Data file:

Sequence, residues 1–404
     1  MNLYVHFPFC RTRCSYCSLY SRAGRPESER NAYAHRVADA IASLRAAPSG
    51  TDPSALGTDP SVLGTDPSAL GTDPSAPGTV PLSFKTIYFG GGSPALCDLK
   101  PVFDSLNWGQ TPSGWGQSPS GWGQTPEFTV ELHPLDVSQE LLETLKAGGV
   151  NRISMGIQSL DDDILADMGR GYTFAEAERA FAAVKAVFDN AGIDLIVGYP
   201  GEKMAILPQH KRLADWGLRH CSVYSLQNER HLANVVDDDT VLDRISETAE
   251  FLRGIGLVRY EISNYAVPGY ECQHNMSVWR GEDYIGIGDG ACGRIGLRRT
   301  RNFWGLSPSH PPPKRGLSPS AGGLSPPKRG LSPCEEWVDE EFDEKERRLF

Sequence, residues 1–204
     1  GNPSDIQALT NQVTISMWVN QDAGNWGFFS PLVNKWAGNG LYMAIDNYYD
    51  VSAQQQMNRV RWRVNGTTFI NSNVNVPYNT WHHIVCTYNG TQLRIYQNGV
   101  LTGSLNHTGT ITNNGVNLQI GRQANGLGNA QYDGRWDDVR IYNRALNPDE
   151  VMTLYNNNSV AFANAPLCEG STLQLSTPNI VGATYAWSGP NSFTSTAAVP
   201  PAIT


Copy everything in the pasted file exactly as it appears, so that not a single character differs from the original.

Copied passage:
Sequence, residues 1–404
     1  MNLYVHFPFC RTRCSYCSLY SRAGRPESER NAYAHRVADA IASLRAAPSG
    51  TDPSALGTDP SVLGTDPSAL GTDPSAPGTV PLSFKTIYFG GGSPALCDLK
   101  PVFDSLNWGQ TPSGWGQSPS GWGQTPEFTV ELHPLDVSQE LLETLKAGGV
   151  NRISMGIQSL DDDILADMGR GYTFAEAERA FAAVKAVFDN AGIDLIVGYP
   201  GEKMAILPQH KRLADWGLRH CSVYSLQNER HLANVVDDDT VLDRISETAE
   251  FLRGIGLVRY EISNYAVPGY ECQHNMSVWR GEDYIGIGDG ACGRIGLRRT
   301  RNFWGLSPSH PPPKRGLSPS AGGLSPPKRG LSPCEEWVDE EFDEKERRLF

Sequence, residues 1–204
     1  GNPSDIQALT NQVTISMWVN QDAGNWGFFS PLVNKWAGNG LYMAIDNYYD
    51  VSAQQQMNRV RWRVNGTTFI NSNVNVPYNT WHHIVCTYNG TQLRIYQNGV
   101  LTGSLNHTGT ITNNGVNLQI GRQANGLGNA QYDGRWDDVR IYNRALNPDE
   151  VMTLYNNNSV AFANAPLCEG STLQLSTPNI VGATYAWSGP NSFTSTAAVP
   201  PAIT